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Matthew was born early at 27 weeks in a critical condition at Wigan Infirmary. Sadly, his twin brother Mark died the following day due to a complicated illness.  Matthew remained very ill in the neo natal unit for weeks before he was able to go home. Thankfully he recovered well and is now a happy and mischievous three-year-old.

The twins’ father Andrew told us about the wonderful care provided by the team. He says: “Without them I would never have seen Matthew walk, talk or cry, and I would never have held Mark’s hand and been able to give him a christening. Their professionalism, patience and understanding was a source of comfort and hope for all the family as we grieved for Mark, watched over Matthew and tried to provide normality for our eldest son James.

“After 72 days Matthew was finally able to come home and that will always be one of the happiest days of my life. Like so many, I should owe the NHS tens of thousands of pounds; however, I get to thank them for a lifetime of priceless memories.”

The medical team were able to provide dedicated round-the-clock care for Matthew because the right equipment was on hand to support his needs. Andrew has run in a number of races, including the Manchester Marathon, to raise funds for the neo natal unit at Wigan. MedEquip4Kids recently donated a Drager Isolette incubator, which will give lifesaving support to sick or premature babies like Matthew.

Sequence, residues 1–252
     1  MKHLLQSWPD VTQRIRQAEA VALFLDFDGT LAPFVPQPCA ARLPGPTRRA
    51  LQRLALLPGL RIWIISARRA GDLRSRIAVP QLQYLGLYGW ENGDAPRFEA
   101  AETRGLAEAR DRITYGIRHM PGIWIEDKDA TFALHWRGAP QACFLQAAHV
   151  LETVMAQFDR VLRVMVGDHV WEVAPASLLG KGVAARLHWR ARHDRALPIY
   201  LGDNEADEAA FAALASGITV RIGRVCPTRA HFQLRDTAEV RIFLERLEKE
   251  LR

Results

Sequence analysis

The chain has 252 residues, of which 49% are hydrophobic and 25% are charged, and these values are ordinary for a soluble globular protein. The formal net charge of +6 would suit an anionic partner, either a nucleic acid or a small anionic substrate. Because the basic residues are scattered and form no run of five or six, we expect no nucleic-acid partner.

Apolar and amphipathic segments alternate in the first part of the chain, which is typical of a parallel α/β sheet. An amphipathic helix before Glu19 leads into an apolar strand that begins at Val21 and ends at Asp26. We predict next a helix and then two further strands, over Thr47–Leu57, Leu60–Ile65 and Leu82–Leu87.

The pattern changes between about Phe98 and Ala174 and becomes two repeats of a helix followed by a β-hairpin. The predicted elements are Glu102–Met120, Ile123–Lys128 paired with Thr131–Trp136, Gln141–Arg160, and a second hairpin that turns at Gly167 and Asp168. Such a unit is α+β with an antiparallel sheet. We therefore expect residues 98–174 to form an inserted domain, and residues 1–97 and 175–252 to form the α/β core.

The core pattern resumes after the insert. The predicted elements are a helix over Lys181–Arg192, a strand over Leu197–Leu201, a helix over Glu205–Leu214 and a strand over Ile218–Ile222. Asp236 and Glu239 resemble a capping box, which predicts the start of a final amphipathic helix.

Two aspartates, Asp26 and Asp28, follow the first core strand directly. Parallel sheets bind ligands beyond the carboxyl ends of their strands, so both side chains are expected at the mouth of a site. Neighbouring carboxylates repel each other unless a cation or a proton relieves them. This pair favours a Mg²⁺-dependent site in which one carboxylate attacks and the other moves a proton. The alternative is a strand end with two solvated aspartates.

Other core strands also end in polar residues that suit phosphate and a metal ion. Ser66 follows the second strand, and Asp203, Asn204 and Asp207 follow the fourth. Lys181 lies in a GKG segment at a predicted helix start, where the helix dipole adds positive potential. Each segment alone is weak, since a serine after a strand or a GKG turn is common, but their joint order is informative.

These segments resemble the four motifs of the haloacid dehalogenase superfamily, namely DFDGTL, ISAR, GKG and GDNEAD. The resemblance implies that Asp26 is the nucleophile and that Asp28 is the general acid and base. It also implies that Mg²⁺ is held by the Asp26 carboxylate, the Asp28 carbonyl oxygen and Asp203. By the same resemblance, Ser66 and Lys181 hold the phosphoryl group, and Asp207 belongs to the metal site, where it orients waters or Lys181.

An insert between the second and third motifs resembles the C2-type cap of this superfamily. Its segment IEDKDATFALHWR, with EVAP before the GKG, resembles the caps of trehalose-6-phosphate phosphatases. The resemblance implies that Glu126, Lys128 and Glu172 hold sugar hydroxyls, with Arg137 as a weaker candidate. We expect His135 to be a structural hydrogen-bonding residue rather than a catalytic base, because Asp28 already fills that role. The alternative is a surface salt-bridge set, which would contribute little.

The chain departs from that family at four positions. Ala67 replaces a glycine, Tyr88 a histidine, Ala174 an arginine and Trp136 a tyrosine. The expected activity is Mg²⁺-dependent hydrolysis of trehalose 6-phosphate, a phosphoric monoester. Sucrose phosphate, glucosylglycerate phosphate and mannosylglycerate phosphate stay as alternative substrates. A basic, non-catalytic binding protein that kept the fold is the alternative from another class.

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“The specialist treatment chairs are a new vital resource for the therapy team and nursing staff to be able to safely and comfortably sit extremely complex, dependant, critical care patients out of bed. The chairs allow us to begin the patient’s rehabilitation journey by providing appropriate postural support at the same time as pressure relief to allow the patient to build the muscle strength to hold themselves up against gravity. This allows them to begin to interact with their environment in a more normal way, enabling them to participate in meaningful activities such as meal times and activities of daily living.”

Physiotherapy Team
Critical Care Unit
Royal Preston Hospital

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